American hospitals are not doing enough to make sure that terrorists cannot steal radiological equipment that could be used to build "dirty bombs" for a nuclear attack on the United States, the Government Accountability Office reported today.
"The Nuclear Regulatory Commission’s (NRC) requirements do not consistently ensure the security of high-risk radiological sources at the 26 selected hospitals and medical facilities GAO visited," a report released today warned.
What hospitals use to treat cancer patients, for instance, could be put to much deadlier uses. "In the hands of terrorists, these sealed sources could be used to produce a simple and crude but potentially dangerous weapon, known as a dirty bomb, by packaging explosives with the radioactive material for dispersal when the bomb goes off," the GAO explained. Such an attack would likely not kill many people, studies indicate, but "could produce significant public health consequences" and do more economic damage even than the September 11 terrorist attacks.
GAO faulted NRC for not giving hospitals specific instructions on how to secure this sensitive equipment. "[U]ltimate responsibility for implementing NRC’s security controls
is left to the discretion of the hospital and medical facility personnel that possess the materials," GAO said.
The government tour found that hospitals then used poor judgement in making their own security decisions.
Some examples of poor security GAO observed included: an irradiator, used for medical research and containing almost 2,000 curies of cesium-137, was stored on a wheeled pallet down the hall from, and accessible to, a loading dock at one facility; at a second facility, the combination to a locked door, which housed an irradiator containing 1,500 curies of cesium-137, was clearly written on the door frame; and at a third facility, an official told GAO that the number of people with unescorted access to the facility’s radiological sources was estimated to be at least 500.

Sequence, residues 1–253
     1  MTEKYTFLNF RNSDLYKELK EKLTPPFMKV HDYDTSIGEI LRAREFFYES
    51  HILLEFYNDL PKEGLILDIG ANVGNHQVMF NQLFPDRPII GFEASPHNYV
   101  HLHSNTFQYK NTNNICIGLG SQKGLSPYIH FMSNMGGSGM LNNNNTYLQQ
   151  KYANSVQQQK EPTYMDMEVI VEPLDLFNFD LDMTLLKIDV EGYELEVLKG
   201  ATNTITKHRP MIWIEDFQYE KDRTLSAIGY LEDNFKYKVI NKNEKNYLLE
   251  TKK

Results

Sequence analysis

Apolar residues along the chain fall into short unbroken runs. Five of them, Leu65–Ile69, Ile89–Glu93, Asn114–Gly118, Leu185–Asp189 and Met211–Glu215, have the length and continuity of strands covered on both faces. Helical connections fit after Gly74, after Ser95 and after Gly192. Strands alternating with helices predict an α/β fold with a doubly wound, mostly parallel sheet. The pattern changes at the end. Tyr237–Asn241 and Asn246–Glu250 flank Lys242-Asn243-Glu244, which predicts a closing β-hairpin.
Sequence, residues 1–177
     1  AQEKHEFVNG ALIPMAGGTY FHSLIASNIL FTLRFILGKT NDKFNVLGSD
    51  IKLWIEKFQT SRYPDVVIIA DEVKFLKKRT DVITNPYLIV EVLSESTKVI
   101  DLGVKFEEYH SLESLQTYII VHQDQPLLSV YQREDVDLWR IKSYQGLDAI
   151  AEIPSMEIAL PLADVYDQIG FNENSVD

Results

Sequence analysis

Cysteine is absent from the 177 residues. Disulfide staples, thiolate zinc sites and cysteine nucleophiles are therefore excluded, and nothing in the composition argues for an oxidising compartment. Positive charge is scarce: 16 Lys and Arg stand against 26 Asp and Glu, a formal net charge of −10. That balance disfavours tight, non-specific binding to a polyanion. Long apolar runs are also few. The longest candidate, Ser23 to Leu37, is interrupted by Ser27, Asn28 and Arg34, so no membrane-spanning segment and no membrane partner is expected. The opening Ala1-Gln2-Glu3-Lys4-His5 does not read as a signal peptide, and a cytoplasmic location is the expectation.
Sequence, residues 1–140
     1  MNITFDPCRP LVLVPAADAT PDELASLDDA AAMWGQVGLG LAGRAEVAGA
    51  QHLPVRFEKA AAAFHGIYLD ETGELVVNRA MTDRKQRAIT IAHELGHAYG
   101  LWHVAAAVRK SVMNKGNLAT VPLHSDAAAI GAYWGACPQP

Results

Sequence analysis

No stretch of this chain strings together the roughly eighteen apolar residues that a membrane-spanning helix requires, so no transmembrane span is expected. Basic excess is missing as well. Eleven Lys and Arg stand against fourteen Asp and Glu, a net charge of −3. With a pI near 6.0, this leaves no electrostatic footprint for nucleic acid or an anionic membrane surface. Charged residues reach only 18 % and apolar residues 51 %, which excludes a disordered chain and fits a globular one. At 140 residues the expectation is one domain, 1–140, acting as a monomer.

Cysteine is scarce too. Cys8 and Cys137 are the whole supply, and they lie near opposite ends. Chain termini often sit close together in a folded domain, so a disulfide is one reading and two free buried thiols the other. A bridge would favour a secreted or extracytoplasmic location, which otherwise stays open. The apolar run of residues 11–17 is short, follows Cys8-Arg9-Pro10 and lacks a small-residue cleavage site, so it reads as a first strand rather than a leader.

The National Nuclear Security Administration has upgraded security at over 300 hospitals with the dangerous material, as of April, but NNSA does not expect to implement improvements at the remaining 1,200 hospitals until 2025.
"In addition, the [NNSA] program’s impact is constrained because: (1) it is voluntary, (2) hospitals and medical facilities will have to maintain the upgrades beyond NNSA’s 3- to 5-year warranty period, and (3) the program does not require facilities to sustain the upgrades," GAO noted.